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Now is the Time: Lower Prescription Drug Prices

Prescription medicine and money
Michael Quirk

AARP Rhode Island, Senators Reed and Whitehouse Speak Out

Four Million Americans, Including 16,114 Rhode Islanders Signed AARP Petition Calling on Congress to Act

PROVIDENCE (March 7, 2022) Today, AARP Rhode Island State Director Catherine Taylor, Volunteer State President Marcus Mitchell and Volunteer Lead Federal Liaison Dr. Phil Zarlengo joined Rhode Island US Senators Jack Reed and Sheldon Whitehouse for a virtual news conference highlighting the need for Congress to lower prescription drug prices.

During the event, AARP Rhode Island delivered a petition signed by more than 16,114 Rhode Islanders calling for Congress to act now and stop unfair drug prices. AARP has called for fair drug prices for years and supports legislation that passed the House in November, which would allow Medicare to negotiate drug prices, put a cap on out-of-pocket costs that older adults pay for their prescription drugs and impose penalties on drug companies that raise prices faster than the rate of inflation.

“Americans are fed up with paying three times what people in other countries pay for the same drugs. More than four million people across the country, including more than 16,000 here in the Ocean State, are joining AARP to demand lower prices for prescription drugs,” said Taylor. “There will never be a better time to lower drug prices than the historic opportunity in front of Congress. Now is the time to get it done!”

“We hear you loud and clear,” said Senator Reed. “Congress must address this issue of drug pricing. The system continues to force families into untenable choices between their health and other basic needs. One of the simplest things to do is to allow the federal government to negotiate drug prices for Medicare beneficiaries. I have been urging administrations, both Republican and Democratic for more than a decade to do this.”

“The VA already does this,” said Senator Whitehouse. “And there is a big discrepancy in what the Veterans Administration pays for drugs and what Medicare pays for drugs. We have a reconciliation bill still in the Senate; it’s something Democrats can pass with only 50 votes. The bad news is that we need all 50 members to agree on the reconciliation measure and that has proven difficult. I hope we can agree on a package that all 50 of us can sign off on…and finally, finally, finally give Americans the drug pricing relief that they need. AARP is incredibly important in this fight. All your members make a difference. Thank you for stepping up yet again."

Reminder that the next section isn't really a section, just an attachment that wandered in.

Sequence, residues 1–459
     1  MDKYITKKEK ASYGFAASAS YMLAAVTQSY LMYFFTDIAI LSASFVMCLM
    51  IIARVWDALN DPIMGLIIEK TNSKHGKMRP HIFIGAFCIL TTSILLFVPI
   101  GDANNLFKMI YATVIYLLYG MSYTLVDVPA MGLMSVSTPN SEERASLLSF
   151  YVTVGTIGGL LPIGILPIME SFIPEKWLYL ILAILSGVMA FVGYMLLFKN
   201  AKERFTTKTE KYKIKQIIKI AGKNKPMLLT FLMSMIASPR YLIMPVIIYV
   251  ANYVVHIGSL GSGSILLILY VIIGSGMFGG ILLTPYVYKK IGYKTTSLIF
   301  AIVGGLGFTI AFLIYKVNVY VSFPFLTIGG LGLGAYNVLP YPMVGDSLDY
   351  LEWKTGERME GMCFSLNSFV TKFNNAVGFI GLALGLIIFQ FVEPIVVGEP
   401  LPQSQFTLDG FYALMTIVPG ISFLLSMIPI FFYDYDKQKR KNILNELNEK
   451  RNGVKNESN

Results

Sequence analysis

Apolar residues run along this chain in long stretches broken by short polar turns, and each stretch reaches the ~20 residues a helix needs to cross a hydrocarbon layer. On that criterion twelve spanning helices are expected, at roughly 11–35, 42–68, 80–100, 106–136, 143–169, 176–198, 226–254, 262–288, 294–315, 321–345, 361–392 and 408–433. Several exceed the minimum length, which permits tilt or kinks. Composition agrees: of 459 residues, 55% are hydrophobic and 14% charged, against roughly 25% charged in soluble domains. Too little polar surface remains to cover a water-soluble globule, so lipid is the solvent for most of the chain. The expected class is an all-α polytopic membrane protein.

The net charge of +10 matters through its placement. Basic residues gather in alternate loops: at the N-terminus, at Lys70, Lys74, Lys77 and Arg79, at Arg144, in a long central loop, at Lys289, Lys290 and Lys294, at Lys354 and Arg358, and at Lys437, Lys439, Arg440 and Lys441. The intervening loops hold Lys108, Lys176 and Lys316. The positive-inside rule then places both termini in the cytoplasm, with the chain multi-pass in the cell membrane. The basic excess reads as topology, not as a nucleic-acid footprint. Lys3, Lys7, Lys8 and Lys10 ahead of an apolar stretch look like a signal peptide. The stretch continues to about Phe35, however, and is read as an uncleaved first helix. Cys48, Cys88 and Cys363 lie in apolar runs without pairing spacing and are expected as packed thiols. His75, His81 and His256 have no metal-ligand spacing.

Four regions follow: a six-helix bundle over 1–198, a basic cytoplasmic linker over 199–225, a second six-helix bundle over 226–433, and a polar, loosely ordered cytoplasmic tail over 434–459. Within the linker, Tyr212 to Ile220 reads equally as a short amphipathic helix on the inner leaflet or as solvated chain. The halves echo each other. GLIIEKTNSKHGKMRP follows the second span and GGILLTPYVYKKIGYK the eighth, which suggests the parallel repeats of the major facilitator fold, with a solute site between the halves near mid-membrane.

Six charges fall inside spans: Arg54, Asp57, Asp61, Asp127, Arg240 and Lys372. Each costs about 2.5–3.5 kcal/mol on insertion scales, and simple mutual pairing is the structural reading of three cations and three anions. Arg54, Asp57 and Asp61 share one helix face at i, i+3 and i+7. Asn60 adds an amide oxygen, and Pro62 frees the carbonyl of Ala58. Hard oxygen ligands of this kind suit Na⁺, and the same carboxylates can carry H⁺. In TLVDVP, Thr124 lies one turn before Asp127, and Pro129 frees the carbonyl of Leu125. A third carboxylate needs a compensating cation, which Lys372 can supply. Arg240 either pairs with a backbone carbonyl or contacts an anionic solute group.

Watch the Full News Conference

Lowering prescription drug prices has widespread support among voters, regardless of their party affiliation. An AARP survey of voters found that strong majorities of voters want Congress to act on the issue, with 70% saying it is very important. The survey also found that 87% of voters support allowing Medicare to negotiate prescription drug prices.

AARP Rhode Island advocates were joined via a recorded video by Shirley H., an AARP volunteer who struggles to afford the medications she needs. “When I retired, I was shocked at the increased cost of my prescriptions,” she said. “When I went from a private insurance plan to Medicare, one of my medications increased to five-hundred dollars. I had to spread out the refills of some of my medications so I could afford them and not have them refilled at the same time. The anxiety of having to do that, wondering if I could afford to take my prescriptions, is a terrible thing.”

More information about AARP’s Fair Drug Prices campaign can be found at aarp.org/rx.

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